What does paradise look like in my dreams? A green hilly landscape with tall palm trees where wild horses graze. A waterfall that turns into a lovely pond. And the company of beautiful people. A few days later my dream comes to life at Olemoe Falls, Samoa.
Everything on this exotic island state is like a dream come to life. Most women still wear an orchid-like flower in their hair, and the lava-lava – the sarong-style loincloth for men and for women – has not been superseded by sloppy shorts. Everyone waves as I drive past in my hired jeep. Each beach is like a TV advert idea of the perfect vista, while the rainforest has no snakes or leeches.
I am starting to adapt to the island pace, the first few days of exploration draining the unrest from my body. I have given myself over to passionate laziness, drinking fresh coconut in my hammock and eating oka of raw tuna with vegetables, spices and coconut milk.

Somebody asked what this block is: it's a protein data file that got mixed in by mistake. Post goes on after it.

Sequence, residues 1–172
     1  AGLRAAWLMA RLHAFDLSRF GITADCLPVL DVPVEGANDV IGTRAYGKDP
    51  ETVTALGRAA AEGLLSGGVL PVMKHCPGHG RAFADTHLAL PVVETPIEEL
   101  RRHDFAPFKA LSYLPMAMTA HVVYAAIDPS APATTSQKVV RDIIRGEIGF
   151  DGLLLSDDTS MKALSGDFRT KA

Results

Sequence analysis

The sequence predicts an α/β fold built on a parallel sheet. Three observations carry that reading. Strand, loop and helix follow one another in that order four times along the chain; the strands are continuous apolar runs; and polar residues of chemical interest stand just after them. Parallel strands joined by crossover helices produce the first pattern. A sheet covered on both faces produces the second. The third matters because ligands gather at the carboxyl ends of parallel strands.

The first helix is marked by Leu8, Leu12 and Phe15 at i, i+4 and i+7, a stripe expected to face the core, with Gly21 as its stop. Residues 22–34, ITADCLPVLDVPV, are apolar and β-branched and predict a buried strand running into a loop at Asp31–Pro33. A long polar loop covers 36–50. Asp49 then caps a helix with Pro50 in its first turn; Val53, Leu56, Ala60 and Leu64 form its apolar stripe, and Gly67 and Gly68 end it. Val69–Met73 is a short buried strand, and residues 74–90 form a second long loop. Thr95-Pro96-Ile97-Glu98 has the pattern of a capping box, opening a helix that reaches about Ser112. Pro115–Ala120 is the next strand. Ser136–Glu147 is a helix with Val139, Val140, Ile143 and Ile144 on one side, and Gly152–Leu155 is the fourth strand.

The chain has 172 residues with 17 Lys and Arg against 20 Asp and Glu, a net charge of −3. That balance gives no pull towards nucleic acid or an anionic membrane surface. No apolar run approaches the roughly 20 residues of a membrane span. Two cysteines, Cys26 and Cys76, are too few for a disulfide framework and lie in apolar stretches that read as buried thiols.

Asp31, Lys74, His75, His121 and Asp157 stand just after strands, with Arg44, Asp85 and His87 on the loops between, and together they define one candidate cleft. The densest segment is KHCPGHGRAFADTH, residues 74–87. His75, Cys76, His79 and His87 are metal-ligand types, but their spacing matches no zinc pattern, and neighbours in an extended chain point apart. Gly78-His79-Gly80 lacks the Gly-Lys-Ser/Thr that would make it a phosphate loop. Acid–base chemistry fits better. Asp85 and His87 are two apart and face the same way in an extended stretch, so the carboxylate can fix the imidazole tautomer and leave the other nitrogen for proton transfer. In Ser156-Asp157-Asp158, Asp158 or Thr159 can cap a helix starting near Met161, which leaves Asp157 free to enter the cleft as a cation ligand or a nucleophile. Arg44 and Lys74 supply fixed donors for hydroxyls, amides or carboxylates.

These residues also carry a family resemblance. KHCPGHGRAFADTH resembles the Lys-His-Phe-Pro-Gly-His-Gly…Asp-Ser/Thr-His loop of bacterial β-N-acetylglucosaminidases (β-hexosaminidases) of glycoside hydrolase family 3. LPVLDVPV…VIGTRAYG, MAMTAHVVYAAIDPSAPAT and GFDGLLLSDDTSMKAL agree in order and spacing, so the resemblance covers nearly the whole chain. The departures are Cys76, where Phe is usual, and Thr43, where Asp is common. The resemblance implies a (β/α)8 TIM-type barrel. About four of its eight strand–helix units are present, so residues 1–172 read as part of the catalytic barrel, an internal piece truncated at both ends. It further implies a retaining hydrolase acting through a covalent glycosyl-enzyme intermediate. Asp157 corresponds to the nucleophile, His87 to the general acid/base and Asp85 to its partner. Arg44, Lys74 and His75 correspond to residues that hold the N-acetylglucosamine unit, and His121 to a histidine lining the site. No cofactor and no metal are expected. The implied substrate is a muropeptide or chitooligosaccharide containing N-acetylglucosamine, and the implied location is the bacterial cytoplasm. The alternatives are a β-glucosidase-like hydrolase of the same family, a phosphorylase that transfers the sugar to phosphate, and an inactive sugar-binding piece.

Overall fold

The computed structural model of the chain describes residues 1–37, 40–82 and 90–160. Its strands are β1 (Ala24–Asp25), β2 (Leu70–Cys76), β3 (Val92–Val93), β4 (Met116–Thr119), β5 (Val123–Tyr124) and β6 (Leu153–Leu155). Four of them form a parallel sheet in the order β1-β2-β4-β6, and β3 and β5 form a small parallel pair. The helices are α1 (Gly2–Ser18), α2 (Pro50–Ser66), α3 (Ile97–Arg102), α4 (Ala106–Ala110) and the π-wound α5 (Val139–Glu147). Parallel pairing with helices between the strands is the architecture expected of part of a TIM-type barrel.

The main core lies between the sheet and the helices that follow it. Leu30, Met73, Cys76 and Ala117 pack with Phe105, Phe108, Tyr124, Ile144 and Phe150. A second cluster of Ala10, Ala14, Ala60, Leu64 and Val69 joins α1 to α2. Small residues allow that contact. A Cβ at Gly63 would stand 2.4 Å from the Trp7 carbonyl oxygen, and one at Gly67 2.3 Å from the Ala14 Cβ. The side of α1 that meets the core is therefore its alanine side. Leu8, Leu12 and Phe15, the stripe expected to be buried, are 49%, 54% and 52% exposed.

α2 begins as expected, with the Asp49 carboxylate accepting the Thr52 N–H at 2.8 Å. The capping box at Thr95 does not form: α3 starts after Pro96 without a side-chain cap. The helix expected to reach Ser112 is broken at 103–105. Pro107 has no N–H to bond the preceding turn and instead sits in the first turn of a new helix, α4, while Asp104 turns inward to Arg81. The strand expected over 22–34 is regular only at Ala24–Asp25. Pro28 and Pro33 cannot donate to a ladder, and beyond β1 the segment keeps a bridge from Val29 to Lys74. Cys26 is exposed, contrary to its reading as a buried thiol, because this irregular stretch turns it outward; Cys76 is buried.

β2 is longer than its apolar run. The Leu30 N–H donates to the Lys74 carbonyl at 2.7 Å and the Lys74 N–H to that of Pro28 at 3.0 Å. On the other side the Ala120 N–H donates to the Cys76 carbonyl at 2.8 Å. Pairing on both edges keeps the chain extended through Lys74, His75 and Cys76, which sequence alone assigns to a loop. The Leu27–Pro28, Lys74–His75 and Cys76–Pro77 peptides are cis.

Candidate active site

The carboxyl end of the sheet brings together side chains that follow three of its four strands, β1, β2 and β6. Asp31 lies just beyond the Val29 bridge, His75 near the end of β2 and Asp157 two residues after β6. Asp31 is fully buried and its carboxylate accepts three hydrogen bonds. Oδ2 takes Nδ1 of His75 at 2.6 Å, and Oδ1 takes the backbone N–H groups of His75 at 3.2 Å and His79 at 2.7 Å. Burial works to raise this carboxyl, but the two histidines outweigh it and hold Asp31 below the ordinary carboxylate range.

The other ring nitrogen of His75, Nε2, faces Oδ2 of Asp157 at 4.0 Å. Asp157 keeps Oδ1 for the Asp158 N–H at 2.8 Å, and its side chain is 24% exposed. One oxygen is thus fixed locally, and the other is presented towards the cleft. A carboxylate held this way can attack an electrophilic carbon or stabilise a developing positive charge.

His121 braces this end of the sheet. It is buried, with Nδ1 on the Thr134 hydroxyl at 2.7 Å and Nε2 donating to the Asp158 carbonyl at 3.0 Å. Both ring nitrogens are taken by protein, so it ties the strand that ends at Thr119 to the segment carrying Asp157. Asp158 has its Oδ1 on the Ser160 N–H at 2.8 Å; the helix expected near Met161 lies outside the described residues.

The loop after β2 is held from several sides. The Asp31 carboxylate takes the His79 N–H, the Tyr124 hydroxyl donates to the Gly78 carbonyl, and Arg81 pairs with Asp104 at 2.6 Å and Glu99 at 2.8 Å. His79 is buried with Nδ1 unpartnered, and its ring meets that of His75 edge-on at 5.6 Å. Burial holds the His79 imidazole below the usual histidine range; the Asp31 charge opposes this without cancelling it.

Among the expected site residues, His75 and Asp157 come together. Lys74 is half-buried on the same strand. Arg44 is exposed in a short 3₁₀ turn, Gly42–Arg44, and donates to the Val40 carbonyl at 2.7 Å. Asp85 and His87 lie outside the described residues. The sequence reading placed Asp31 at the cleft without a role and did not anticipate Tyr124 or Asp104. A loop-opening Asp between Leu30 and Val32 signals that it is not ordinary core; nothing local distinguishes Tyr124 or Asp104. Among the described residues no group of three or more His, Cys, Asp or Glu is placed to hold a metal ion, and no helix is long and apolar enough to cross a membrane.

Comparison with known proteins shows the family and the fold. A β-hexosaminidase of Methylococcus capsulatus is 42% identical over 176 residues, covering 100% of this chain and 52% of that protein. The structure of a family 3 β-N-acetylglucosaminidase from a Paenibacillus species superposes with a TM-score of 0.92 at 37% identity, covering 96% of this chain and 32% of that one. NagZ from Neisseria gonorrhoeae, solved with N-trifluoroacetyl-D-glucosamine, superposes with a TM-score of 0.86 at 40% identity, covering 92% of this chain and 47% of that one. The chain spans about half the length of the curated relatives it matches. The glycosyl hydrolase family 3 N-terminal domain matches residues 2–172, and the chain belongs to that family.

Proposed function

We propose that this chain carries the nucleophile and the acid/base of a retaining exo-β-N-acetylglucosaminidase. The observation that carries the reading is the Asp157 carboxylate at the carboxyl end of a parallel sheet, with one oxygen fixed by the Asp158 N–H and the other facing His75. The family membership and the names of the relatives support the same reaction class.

This is the miracle food that cheered the writer Robert Louis Stephenson as he lay dying. The Scottish writer of Treasure Island and Dr Jekyll and Mr Hyde came to Samoa in the late 19th century and never left. He is still very present in his much-visited grave. “So long as we love, we serve; so long as we are loved by others, I should say that we are almost indispensable,” he said.
I have given myself over to passionate laziness